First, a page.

Monday 19 March 2018

Citizens' Assembly to decide on 'scenarios abortion should be available' in final vote today

Assembly chair Ms Justice Mary Laffoy
Assembly chair Ms Justice Mary Laffoy

Laura Lynott

The Citizens' Assembly will decide in what specific scenarios it feels abortion should be available in its final vote today.

Yesterday, the Assembly voted to recommend that Ireland holds a referendum on abortion and said the Oireachtas should regulate the rights of women and the unborn.

However, it stopped short of recommending a repeal of the Eighth Amendment that limits the availability of legal abortions, instead voting to endorse amending or replacing the Eighth Amendment of the Constitution.

Of the 91 members, 56pc voted to maintain Article 40.3.3 - with 44pc voting to repeal or delete the Amendment. The vote is one of a series of ballots across the weekend where members will make conclusions and recommendations. These will form the basis of a report that will be submitted to the Oireachtas for further consideration.

Earlier in the day, 87pc voted against retaining the Eighth Amendment of the Constitution in its entirety.

In a third vote, members voted that Article 40.3.3 should be replaced with a constitutional provision explicitly authorising the Oireachtas to regulate the termination of pregnancy and the rights of women and the unborn.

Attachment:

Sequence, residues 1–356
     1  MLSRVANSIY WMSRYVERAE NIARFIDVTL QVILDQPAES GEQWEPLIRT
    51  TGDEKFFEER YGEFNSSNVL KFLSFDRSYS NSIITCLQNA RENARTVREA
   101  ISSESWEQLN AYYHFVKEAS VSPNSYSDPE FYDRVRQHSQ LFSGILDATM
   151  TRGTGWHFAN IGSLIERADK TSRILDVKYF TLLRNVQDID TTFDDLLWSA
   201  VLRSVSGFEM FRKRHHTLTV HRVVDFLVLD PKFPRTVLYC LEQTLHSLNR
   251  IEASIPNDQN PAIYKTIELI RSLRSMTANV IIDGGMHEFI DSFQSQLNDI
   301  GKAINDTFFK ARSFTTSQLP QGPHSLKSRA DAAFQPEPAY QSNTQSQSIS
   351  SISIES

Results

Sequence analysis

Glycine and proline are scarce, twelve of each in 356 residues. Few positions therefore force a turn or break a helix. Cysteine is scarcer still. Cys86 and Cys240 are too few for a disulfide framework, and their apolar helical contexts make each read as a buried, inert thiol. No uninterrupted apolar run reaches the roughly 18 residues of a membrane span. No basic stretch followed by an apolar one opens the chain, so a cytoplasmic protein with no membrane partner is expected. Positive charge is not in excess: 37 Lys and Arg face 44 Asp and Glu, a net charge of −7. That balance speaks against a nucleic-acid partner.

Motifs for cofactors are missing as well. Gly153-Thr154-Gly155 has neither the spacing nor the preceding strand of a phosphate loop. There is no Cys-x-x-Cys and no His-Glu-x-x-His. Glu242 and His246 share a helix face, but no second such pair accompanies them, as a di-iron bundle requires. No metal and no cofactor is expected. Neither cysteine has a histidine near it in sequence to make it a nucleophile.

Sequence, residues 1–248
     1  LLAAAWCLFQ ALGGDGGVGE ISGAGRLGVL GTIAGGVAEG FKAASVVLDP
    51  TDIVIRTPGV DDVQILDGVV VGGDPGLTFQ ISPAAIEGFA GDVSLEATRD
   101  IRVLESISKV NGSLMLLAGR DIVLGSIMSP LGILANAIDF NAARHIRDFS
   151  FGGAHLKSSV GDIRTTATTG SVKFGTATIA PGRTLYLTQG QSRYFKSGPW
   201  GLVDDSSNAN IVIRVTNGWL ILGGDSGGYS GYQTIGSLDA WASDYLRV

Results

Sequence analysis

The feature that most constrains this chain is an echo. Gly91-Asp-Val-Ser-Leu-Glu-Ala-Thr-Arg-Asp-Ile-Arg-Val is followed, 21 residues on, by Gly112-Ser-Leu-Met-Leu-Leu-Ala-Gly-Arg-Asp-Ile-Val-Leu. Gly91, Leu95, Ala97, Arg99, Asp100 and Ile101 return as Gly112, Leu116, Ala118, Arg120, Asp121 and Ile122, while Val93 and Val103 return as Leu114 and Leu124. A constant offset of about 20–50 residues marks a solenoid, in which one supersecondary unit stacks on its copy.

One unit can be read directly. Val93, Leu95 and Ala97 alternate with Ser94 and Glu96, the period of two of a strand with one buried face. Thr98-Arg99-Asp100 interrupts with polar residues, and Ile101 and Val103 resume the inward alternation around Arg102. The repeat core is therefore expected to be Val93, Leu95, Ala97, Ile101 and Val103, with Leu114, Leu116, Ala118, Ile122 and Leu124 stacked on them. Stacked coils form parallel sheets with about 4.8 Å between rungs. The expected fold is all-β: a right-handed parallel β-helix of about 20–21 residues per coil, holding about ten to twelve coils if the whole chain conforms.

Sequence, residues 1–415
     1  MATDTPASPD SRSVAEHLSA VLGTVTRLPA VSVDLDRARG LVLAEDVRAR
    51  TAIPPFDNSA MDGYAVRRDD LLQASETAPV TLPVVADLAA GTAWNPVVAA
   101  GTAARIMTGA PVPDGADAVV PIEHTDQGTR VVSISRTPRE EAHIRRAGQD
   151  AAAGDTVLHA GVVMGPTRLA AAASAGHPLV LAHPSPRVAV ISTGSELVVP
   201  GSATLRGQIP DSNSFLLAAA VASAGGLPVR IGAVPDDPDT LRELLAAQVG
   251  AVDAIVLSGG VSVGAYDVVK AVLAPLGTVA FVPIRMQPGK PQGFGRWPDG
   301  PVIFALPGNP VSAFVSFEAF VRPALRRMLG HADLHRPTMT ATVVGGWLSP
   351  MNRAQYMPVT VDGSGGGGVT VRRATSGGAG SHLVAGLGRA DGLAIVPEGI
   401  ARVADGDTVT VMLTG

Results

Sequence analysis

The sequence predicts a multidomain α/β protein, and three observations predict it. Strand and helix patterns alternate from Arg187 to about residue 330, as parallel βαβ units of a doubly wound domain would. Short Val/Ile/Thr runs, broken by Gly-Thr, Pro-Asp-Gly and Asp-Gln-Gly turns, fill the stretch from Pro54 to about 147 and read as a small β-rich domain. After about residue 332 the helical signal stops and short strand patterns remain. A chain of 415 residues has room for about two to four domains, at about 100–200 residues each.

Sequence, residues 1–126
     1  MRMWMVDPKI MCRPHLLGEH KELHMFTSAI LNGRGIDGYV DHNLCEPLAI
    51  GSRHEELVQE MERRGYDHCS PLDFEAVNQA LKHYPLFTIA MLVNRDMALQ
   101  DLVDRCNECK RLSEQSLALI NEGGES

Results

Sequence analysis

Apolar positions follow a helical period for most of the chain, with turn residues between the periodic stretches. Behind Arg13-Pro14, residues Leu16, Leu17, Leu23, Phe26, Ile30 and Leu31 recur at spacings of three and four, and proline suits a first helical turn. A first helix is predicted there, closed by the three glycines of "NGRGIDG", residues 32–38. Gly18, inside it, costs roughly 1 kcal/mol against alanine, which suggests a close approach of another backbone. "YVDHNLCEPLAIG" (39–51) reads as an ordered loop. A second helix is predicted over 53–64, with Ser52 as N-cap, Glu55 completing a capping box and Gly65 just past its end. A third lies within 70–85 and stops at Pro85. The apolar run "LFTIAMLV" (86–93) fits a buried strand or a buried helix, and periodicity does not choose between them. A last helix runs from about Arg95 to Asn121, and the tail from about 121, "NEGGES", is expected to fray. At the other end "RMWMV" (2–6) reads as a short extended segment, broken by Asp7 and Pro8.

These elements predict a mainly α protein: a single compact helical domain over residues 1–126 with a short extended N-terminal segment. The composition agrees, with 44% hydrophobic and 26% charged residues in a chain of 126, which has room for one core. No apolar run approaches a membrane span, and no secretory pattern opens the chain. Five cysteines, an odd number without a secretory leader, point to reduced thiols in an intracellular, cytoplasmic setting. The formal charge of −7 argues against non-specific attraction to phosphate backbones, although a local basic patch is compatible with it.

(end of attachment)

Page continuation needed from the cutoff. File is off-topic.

Assembly chair Ms Justice Mary Laffoy said it was clear the majority of members felt Article 40.3.3 should not be retained in full. She then called for a second ballot on repealing or replacing the Article. She added that the first of a series of votes "represents a clear decision" that the members seek to change "the status quo".

Voting started at the Grand Hotel, Malahide, Co Dublin, just before 11am as members cast private ballots after five weekends of legal, ethical and medical debates.

A group of pro-life protesters gathered outside the hotel as the meeting started.

Ms Justice Laffoy said the assembly had come under significant stress in recent weeks as its task became more daunting.

"This is one of the most complex and contentious subjects in Irish society and we could not but feel that weight on our shoulders. And yet, by participating in the Assembly we have also been afforded a unique opportunity, as this exercise in deliberative democracy allowed us to withdraw from the polarising perspectives and begin first and foremost with the facts."

Ms Justice Laffoy said she had witnessed a wide range of views on abortion and this had been a "topic that has at times convulsed the nation" during the Assembly's five meetings since last November.

Sunday Independent

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